For subway train aficionados and those commuters who may have made connections from the A, C, J or Z lines over the years to the local 1 and 9 line in greater Riverdale, the Metropolitan Transportation Authority has some sad news for you.
It has retired six of the R-32 cars, nicknamed the Brightliners, and shipped them off to Ohio. The R-32s were the first large fleet of mass-produced stainless-steel cars purchased by the New York City Transit in 1964. There were 600 in all. They made their final run in January on the Q line.
The MTA put the cars on a Port Authority barge to sail across the Hudson River to Jersey City, where they were placed on CSX freight trains. The Port Authority’s cross-harbor car float is the only harbor freight crossing of its kind in the New York-New Jersey area, according to the MTA.
The Brightliners, named after washboard-like stainless steel exteriors, were popular enough that they were used in such blockbuster films as “Bridge of Spies,” “Spider-Man: Homecoming” and “Joker.”
Abigail Nehring will join The Riverdale Press June 1 as the new housing and real estate reporter in collaboration with Report for America, an initiative of the Ground Truth Project. She replaces Joseph De La Cruz, who has been the RFA reporter for the past year.
Before coming to The Press, she was a health and education reporter for The New Bedford Light in her home state of Massachusetts.
She holds a master’s degree in nonfiction writing from Columbia University and has also taught writing classes, fact-checked magazine stories, and tended sundry herbs in a greenhouse.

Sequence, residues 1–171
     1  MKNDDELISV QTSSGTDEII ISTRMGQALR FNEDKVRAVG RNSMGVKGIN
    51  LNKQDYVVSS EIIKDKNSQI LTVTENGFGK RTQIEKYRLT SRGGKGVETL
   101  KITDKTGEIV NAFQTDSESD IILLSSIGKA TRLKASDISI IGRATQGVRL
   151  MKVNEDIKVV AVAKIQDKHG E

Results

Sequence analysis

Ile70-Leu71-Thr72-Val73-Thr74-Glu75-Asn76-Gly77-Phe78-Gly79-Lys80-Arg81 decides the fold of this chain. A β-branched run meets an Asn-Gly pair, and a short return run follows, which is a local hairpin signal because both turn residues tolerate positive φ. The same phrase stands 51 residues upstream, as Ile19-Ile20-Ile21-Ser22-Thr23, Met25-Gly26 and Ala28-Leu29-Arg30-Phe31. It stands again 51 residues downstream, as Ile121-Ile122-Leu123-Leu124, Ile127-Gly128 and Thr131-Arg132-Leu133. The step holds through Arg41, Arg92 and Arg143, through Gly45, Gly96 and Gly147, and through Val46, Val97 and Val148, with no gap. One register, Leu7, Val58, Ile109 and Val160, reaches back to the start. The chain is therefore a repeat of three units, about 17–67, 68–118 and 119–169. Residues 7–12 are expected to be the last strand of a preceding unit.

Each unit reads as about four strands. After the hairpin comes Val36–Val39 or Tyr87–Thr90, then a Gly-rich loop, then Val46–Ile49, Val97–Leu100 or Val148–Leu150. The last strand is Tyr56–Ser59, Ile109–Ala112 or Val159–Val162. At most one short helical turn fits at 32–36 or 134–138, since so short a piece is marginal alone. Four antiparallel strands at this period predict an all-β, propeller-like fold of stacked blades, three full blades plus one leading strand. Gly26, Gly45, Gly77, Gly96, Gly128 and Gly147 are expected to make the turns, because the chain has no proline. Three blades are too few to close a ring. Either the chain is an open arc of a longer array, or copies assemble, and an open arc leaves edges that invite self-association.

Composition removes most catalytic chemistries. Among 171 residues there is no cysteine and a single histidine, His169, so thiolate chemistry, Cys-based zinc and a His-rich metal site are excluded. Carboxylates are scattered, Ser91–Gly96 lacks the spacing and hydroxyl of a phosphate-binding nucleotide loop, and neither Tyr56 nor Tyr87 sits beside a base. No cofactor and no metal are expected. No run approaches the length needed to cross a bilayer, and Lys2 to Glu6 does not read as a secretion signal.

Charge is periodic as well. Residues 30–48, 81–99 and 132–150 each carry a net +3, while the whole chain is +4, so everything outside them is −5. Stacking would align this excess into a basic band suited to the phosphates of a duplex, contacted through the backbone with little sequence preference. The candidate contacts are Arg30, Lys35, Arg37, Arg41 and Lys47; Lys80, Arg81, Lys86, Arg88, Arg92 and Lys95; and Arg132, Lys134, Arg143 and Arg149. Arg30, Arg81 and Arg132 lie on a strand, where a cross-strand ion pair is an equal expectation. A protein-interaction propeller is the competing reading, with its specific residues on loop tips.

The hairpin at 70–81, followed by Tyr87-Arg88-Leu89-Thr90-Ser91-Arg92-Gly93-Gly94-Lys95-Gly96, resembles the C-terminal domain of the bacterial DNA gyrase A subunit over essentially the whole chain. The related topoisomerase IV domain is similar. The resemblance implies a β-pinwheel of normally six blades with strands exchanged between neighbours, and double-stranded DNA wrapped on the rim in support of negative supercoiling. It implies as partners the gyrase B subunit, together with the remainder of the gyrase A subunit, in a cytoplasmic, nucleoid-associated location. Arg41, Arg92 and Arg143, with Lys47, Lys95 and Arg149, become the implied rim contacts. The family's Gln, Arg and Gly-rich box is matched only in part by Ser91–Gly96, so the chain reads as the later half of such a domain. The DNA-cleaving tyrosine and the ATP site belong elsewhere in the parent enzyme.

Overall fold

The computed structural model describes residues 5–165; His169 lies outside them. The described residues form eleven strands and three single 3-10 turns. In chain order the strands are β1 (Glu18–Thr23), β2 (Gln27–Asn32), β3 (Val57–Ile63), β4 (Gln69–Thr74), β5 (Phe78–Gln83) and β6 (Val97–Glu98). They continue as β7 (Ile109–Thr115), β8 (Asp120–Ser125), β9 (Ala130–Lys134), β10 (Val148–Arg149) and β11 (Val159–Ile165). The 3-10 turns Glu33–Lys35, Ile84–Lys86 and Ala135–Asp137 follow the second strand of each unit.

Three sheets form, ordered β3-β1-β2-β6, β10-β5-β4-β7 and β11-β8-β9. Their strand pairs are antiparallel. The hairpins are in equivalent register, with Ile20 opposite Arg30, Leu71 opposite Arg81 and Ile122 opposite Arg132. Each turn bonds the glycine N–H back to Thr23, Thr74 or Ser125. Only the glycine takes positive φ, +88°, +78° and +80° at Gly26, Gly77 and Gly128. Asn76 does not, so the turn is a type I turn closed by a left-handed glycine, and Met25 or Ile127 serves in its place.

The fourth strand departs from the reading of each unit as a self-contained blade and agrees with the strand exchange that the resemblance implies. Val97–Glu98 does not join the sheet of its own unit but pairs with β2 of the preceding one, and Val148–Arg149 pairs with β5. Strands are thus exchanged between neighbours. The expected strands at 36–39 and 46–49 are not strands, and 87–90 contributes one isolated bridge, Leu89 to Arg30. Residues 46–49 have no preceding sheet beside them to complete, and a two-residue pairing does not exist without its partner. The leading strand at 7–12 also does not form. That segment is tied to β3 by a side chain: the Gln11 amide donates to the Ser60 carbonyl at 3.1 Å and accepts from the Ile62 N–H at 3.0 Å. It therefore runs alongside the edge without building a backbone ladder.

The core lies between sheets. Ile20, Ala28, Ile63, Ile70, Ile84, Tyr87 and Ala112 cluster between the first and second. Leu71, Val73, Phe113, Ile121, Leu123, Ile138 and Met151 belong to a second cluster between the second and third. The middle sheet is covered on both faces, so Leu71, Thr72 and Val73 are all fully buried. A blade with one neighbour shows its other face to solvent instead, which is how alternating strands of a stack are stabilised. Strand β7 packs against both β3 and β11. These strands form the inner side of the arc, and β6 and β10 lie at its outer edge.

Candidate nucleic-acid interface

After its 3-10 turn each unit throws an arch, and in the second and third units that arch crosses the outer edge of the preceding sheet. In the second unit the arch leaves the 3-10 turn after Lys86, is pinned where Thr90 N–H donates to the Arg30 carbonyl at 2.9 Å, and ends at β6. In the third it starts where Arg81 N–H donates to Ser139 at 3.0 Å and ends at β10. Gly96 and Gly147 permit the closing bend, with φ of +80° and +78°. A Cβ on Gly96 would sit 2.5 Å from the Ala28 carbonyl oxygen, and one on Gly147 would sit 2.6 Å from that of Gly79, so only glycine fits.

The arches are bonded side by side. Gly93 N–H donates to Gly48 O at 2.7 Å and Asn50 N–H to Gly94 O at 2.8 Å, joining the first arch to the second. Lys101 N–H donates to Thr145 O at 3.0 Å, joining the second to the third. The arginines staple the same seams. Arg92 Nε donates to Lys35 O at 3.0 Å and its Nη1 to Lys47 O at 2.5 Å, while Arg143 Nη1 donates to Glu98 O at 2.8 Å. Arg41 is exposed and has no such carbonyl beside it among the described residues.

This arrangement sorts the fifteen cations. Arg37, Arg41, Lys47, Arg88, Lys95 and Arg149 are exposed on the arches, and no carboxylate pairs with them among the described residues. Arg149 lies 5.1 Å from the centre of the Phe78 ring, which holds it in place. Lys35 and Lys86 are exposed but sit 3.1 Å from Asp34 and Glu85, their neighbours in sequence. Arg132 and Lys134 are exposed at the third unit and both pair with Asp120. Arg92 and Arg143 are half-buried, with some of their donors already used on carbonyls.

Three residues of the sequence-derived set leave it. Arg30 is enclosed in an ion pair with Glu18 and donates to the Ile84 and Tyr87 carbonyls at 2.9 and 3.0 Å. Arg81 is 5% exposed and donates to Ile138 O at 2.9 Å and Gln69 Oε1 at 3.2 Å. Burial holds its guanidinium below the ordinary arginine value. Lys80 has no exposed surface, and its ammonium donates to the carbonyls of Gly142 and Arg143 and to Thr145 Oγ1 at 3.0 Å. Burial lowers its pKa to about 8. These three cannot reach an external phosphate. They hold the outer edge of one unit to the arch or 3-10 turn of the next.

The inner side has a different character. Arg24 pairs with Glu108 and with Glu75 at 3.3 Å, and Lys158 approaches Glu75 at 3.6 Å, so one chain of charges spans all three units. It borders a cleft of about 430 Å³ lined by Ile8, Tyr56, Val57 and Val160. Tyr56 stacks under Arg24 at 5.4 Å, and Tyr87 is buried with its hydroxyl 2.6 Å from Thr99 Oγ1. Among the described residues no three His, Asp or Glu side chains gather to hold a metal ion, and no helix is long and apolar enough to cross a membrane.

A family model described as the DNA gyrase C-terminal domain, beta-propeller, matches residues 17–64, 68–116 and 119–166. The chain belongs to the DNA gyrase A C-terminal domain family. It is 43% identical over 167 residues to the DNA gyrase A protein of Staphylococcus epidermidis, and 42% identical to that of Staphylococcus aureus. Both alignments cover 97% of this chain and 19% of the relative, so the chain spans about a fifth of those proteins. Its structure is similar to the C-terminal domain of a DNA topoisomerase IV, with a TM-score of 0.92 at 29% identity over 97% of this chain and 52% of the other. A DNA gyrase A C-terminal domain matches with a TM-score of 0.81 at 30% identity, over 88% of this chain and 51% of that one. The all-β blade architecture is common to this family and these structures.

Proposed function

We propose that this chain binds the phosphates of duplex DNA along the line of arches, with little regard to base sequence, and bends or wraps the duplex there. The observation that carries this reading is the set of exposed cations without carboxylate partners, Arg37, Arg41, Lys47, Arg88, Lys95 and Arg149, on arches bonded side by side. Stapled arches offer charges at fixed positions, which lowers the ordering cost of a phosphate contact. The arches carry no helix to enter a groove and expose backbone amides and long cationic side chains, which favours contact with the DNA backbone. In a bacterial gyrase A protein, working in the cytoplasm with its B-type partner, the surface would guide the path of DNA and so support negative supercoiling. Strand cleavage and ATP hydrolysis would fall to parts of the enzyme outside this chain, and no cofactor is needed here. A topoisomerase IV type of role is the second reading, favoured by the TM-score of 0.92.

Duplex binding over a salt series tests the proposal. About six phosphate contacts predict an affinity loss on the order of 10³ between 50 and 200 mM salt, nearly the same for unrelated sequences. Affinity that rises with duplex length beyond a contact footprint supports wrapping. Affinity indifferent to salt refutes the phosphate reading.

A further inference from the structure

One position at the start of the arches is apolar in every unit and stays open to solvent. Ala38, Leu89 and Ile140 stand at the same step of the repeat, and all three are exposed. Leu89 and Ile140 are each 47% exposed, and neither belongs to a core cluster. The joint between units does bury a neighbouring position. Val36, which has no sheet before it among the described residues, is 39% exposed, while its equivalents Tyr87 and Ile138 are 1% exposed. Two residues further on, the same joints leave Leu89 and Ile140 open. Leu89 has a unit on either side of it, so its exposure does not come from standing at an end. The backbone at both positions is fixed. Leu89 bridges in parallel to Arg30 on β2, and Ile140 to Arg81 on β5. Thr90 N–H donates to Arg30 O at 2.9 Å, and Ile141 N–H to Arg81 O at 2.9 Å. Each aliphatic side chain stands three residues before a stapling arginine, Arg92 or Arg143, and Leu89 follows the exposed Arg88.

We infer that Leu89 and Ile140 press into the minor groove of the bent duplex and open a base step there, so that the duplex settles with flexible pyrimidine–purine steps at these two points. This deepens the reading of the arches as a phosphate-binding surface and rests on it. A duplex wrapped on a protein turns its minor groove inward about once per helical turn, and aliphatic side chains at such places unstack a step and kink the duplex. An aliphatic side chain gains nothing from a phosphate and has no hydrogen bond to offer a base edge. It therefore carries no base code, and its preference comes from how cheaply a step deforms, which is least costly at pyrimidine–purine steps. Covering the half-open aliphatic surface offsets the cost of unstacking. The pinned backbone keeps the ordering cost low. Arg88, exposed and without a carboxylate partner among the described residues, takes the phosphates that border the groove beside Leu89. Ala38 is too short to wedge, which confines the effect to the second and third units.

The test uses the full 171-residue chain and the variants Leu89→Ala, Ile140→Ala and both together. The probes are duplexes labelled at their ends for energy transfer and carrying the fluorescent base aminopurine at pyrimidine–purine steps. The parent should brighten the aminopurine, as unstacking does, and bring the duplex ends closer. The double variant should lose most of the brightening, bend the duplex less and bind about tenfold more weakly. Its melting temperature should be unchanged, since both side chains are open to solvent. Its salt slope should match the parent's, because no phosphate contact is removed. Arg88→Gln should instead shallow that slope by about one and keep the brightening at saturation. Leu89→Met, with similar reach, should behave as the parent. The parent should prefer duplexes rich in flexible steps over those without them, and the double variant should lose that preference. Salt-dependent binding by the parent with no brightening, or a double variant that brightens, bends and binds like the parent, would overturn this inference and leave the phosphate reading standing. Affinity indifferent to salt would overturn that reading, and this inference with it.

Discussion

Nehring won a New York Press Club Award for her reporting in City Limits on an East Village landlord caught on tape illegally harassing tenants and, along with Julia Angwin, was a finalist for the John Jay/H.F. Guggenheim Prize for Excellence in Criminal Justice Reporting for their story on police flash-bangs published by ProPublica and The Atlantic.
Nehring earned her undergraduate degree at Bard College at Simon’s Rock in Great Barrington, Mass.
She is one of more than 300 journalists who will make up the organization’s Class of 2022-23 reporting corps.
“Report for America provides a unique opportunity for journalists to pursue meaningful, local beat reporting that sadly is missing from many of today’s newsrooms,” said Earl Johnson, director of admissions for the organization.
“Together, our emerging and experienced corps members will produce tens of thousands of articles on critically under-covered topics — schools, government, health care, the environment, communities of color and more.”